CU Wind Symphony Tour to Haiti and the Dominican Republic
The CU Wind Symphony unites student musicians in an ensemble dedicated to the study and performance of emerging and traditional wind repertoire. Recent Wind Symphony performances have featured guest artists Joshua Redman and Wynton Marsalis, and guest composers David Maslanka and Patrick Williams. The ensemble also explores music making as a vehicle for cross-cultural exchange and collaboration, and in doing so supports Cornell's core values of public engagement and global awareness. The 2019 CU Wind Symphony service-learning tour to Haiti and the Dominican Republic has been crafted to serve those goals, and is part our ongoing collaboration with the Holy Trinity School of Music in Port-au-Prince and the Carol Morgan School in Santo Domingo. We are seeking financial support to offset travel expenses for both Cornellians and our Haitian colleagues, build a supply of instruments and supplies for the Holy Trinity School of Music, continue to develop reciprocal exchange between the participating institutions, and highlight Haiti’s rich musical community in the face of continued hardship after the 2010 earthquake.
In January 2017, the CU Wind Symphony collaborated with 100 musicians from the Holy Trinity School of Music and members of the Yale Concert Band in concerts staged in the country's two largest cities, Port-au-Prince and Cap-Haitien. The first performance was held at the Kiosk Occide Jeanty amphitheater, adjacent to the presidential palace and built over a mass grave of thousands killed in the catastrophic earthquake that struck the city seven years earlier. Dignitaries in attendance included Provisional President Jocelerme Privert, and leaders of all nationally recognized religions. Each spoke to the importance of peace, reconciliation, and remembrance. "This concert," President Privert said, "is far from lighthearted, and was organized to remind us of our missing brothers and sisters."
Shown below, the CU Wind Symphony and Holy Trinity School of Music orchestra rehearsed with conductor David César.
After traveling north, we took part in a gala concert at Palais Sans-Souci, a UNESCO World Heritage Site near the town of Milot (shown below). (The stage was designed by architect Frederick Mangones, Cornell '73, and built specially for our performance.)
The Holy Trinity School of Music currently maintains an enrollment of approximately 1,500 students and a teaching staff of 45 full and part-time professionals, and is located next to the Holy Trinity Cathedral, the primary church of the Episcopal Diocese of Haiti, in Port-au-Prince. Formerly located across from the Presidential Palace, the school moved into a new four-story building in November, 2009, but it was demolished two months later in the earthquake that ravaged the city. In the following image, HTSM director The Rev. David César stands in the foreground while members of the school pull instruments from the wreckage.
With nothing left and many of their friends and family members killed, surviving members of the School decided to take to the streets and play for their community. Still in shock, the young musicians instinctively turned to what they know best: the power of music. They played to lift the spirits of those in despair, honor those who had perished, and ease the fear and anxiety of those still searching for loved ones.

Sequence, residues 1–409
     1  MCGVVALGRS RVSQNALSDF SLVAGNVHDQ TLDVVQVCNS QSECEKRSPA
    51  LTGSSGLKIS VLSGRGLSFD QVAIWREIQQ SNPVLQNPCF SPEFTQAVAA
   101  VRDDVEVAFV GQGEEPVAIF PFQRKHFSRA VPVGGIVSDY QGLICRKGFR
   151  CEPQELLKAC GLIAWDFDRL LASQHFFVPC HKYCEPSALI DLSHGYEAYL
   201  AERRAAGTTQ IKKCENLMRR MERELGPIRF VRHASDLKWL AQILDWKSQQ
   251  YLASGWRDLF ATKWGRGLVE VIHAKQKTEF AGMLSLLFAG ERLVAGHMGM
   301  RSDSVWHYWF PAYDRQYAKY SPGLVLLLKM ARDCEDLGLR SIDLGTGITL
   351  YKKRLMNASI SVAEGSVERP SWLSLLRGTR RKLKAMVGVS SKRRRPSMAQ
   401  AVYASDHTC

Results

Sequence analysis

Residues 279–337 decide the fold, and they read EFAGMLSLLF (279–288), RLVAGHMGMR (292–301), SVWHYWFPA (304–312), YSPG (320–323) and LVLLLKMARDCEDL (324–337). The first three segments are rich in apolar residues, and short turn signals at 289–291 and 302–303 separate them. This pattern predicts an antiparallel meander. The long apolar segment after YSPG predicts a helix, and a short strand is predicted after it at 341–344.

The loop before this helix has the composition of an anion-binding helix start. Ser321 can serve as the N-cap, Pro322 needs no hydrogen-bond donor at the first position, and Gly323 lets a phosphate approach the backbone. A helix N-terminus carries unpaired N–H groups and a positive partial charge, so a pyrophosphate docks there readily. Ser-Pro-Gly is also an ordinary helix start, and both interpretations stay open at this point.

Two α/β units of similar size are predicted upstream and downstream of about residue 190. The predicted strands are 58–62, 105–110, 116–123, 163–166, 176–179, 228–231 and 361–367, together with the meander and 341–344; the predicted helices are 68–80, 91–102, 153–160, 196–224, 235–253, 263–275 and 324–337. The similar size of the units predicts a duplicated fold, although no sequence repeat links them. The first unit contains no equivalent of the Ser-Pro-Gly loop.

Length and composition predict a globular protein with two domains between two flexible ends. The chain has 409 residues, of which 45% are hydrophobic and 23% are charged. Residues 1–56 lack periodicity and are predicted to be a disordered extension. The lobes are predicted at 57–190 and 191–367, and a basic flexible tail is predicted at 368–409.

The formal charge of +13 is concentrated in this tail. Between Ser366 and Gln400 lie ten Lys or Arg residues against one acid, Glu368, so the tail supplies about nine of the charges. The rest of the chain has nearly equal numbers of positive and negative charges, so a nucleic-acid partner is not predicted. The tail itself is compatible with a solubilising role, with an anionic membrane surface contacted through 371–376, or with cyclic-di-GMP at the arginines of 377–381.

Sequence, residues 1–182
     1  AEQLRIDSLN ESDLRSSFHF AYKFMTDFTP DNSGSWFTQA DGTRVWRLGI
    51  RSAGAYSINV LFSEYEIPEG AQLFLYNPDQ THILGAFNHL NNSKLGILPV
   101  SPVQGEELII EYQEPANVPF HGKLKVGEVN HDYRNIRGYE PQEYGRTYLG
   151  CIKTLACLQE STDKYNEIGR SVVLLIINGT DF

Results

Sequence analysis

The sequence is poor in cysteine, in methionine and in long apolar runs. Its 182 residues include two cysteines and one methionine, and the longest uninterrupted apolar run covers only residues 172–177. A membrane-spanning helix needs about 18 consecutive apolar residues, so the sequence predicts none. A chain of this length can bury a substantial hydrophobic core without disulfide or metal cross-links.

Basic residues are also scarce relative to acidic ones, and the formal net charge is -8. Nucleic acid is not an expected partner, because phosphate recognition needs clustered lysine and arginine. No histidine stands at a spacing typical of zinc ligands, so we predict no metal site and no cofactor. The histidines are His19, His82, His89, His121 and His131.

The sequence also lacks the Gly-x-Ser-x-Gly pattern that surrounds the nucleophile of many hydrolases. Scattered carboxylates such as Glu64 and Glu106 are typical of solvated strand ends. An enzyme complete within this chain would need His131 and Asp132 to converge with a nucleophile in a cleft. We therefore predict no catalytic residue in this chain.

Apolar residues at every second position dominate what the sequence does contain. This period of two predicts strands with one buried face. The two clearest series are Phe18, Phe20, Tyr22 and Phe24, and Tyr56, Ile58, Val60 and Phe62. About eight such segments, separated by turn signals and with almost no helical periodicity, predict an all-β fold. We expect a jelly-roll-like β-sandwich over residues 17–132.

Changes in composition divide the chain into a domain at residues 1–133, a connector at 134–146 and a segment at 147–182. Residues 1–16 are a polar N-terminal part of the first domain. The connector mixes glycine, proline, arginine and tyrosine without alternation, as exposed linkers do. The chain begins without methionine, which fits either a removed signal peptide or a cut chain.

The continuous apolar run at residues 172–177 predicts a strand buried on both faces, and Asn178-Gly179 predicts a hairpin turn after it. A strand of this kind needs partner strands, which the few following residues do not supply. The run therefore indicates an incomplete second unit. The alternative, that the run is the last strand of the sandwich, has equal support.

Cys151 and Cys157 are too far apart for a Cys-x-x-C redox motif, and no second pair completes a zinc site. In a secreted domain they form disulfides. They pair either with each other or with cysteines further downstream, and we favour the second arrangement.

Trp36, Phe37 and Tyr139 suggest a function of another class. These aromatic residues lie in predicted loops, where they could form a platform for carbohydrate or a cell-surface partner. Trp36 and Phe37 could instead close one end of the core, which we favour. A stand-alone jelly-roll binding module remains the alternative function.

Members of the Wind Symphony and the Holy Trinity School of Music relaxed after our combined concert.
Leaders and members of the participating organizations gathered for a news conference hosted by the Haitian Ministry of Culture.
After leaving Haiti we spent two days at the Carol Morgan School in Santo Domingo. Shown below, Cornellians collaborated with members of the CMS bands and rehearsed for a joint concert. We used music to find common ground, and to bridge divides between culture, background, and language. Performing was, of course, only one aspect of the tour.
Reciprocity is an important part of our collaboration with Haitian musical organizations. Earlier this semester the Wind Symphony welcomed RAM, a nine-piece band based in Port-au-Prince that plays a drum-focused mix of Vodou rhythms and American rock. The following photo shows members of RAM teaching member of the Wind Symphony to play Haitian Rara horns.
From January 7-17, 2019, the CU Wind Symphony will visit Port-au-Prince, Jacmel, Santo Domingo, and Punta Cana, and make musical memories that will last a lifetime. Please visit our website for tour updates and student blogs: https://cuwinds.com. We so appreciate you taking the time to learn about our cause, and thank you for your support!
In addition to financial donations, we are accepting wind and percussion instruments, supplies (e.g., reeds, cases), and accessories for the Holy Trinity School of Music. Please contact CU Wind Symphony conductor James Spinazzola (firstname.lastname@example.org) if you wish to make a donation. We have partnered with Hickey's Music Store, and are happy to provide a valuation for tax purposes.